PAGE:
by Joe Courter
In a town with a history of having a food co-op that went out of business many years earlier (the Hogtown Granary), there were a lot of people who were willing to invest in another one.
The motivators of the Citizens Co-op had a plan which sounded good on paper. They would raise the capital needed to start the store from the community, and then, once the Co-op was open, those very same investors would shop there and form a solid base of income from which the Co-op could grow. It does seem like a viable plan.
Sadly, for a whole lot of reasons, it wasn’t, and it produces a whole list of what-not-to-dos instead, as well as adverse circumstances, which complicated things further. The following is a sort of timeline.
1. While located next to another co-op-y place, the Civic Media Center, the space was too small for people to buy all they needed.
2. What they had on their shelves, while committed to organics and local sources, was priced too high for the neighborhood.
3. Investors did not change their shopping habits and did not shop there; they supported the CONCEPT of a co-op, but kept shopping at Ward’s, Publix or wherever.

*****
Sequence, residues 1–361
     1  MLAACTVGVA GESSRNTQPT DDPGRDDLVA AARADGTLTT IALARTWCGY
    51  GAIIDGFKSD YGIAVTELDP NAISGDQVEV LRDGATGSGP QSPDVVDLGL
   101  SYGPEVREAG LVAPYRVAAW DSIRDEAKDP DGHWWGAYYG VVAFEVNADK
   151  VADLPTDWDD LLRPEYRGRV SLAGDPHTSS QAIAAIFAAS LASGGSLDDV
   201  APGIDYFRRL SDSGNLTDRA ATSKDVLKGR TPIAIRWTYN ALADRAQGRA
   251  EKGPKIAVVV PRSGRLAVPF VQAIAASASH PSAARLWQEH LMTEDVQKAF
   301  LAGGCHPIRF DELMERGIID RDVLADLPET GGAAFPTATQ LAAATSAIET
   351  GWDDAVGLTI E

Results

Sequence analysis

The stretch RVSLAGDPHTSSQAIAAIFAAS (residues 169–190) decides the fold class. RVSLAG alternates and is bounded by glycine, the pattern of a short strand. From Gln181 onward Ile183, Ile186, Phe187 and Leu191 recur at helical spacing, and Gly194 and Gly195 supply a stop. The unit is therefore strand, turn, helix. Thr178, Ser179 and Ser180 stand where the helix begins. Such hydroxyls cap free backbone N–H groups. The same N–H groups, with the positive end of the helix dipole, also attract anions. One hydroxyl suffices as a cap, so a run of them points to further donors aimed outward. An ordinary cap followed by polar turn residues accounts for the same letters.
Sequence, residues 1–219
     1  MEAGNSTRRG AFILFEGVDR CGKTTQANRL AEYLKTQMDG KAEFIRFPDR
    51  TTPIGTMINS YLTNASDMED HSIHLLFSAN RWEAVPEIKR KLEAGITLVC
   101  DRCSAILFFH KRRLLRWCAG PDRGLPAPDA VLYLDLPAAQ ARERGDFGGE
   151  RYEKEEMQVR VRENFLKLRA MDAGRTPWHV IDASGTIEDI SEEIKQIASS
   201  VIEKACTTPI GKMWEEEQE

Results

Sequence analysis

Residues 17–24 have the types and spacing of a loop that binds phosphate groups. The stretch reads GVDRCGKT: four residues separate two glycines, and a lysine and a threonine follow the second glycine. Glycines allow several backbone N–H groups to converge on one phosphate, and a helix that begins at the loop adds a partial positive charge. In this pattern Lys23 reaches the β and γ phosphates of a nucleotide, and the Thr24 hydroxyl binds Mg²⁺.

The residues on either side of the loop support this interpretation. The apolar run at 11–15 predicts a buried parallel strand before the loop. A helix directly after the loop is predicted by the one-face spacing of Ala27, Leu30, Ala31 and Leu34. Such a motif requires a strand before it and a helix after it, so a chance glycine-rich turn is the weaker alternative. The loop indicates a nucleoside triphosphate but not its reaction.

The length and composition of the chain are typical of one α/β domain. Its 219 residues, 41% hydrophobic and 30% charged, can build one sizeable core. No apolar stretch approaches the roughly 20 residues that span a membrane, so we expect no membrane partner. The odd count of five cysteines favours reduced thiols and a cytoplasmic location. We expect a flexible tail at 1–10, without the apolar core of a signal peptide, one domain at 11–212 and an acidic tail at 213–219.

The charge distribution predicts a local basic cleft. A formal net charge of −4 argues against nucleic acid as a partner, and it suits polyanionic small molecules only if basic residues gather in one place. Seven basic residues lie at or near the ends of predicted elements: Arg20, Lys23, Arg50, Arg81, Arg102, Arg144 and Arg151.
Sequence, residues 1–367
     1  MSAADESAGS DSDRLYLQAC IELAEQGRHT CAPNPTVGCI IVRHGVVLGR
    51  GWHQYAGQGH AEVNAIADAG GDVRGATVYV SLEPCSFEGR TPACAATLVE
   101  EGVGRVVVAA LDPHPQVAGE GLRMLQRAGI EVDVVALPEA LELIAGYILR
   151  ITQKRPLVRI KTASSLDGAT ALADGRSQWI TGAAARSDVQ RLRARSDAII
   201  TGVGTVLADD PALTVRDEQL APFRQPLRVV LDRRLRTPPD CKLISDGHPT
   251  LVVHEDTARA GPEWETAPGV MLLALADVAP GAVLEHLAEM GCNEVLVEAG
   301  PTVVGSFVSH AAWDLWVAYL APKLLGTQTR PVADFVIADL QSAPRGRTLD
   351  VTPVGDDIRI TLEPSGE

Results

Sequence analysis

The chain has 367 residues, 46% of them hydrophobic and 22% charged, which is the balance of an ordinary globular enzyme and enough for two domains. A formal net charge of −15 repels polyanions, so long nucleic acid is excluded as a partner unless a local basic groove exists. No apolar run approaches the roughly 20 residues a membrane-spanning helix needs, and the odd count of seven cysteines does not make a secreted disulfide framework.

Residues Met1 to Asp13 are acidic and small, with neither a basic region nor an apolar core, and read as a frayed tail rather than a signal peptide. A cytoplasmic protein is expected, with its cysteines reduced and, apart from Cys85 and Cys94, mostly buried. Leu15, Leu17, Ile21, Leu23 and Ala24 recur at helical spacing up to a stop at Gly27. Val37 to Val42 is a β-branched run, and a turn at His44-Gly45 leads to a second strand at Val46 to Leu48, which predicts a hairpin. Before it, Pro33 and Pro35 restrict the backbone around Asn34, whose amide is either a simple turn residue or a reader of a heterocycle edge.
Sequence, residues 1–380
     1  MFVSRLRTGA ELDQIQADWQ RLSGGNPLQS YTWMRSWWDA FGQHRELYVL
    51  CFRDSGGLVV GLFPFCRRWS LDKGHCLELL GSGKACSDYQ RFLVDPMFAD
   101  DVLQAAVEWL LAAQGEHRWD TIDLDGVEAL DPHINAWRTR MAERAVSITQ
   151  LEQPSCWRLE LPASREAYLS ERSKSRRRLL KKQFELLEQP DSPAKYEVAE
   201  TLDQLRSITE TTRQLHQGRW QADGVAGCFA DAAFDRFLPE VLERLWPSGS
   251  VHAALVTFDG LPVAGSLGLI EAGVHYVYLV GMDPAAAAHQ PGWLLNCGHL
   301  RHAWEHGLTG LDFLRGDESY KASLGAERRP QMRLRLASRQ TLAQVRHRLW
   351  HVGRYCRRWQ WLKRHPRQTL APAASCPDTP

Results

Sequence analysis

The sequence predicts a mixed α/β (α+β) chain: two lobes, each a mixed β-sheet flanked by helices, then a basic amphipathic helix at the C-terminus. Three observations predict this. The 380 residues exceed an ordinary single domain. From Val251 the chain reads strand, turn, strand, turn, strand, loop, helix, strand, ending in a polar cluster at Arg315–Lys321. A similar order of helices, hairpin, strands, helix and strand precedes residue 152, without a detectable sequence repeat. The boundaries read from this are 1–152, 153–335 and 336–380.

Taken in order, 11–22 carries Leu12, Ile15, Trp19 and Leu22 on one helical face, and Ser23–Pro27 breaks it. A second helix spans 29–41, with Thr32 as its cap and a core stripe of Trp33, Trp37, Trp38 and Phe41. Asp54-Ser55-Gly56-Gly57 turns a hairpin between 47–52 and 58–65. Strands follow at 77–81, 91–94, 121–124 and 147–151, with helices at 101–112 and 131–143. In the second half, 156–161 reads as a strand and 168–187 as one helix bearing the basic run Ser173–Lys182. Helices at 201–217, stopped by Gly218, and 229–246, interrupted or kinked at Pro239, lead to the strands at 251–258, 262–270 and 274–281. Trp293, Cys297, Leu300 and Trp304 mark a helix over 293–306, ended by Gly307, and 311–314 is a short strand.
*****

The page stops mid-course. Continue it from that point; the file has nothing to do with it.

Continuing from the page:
4. Volunteers were not used and discounts for work were not offered. It was a top-down business model.
5. While there was a community-building ethos at first — pot lucks, concert fundraisers, and talks — the main employee responsible for these events was fired by the Board, as was a well-liked assistant manager.
6. Other employees, alarmed at this action by the Co-op’s Board, organized into a union and informed the general membership of their concerns.
7. A new manager was brought in cold, from outside the community but a friend of a principal founder and Board member.
8. That new manager fired five of the workers who formed the union by email on a Monday morning.
9. Predictably, the store was picketed and lost a lot of customers, as well as a lot of good will.
10. Fired workers filed a grievance with the National Labor Relations Board (NLRB).
11. The Co-op Board got bad legal advice and decided to stonewall the workers and not negotiate a settlement.
12. The NLRB ruled in favor of the workers, requiring back pay be provided.
13. Coincidentally, into Gainesville came Lucky’s, Trader Joe’s and other chains, drawing away potential Co-op shoppers.
14. The Co-op, through efforts of a heroic manager, remained open but barely, until finally tossing in the towel in August.
A lot of hopes for a community co-op were not fulfilled, a lot of investors never got any money back, and all in all it is a sad tale, in large part because there was so much well-intended effort among all involved.
But the circumstances, personalities and decisions made never allowed it to be a success.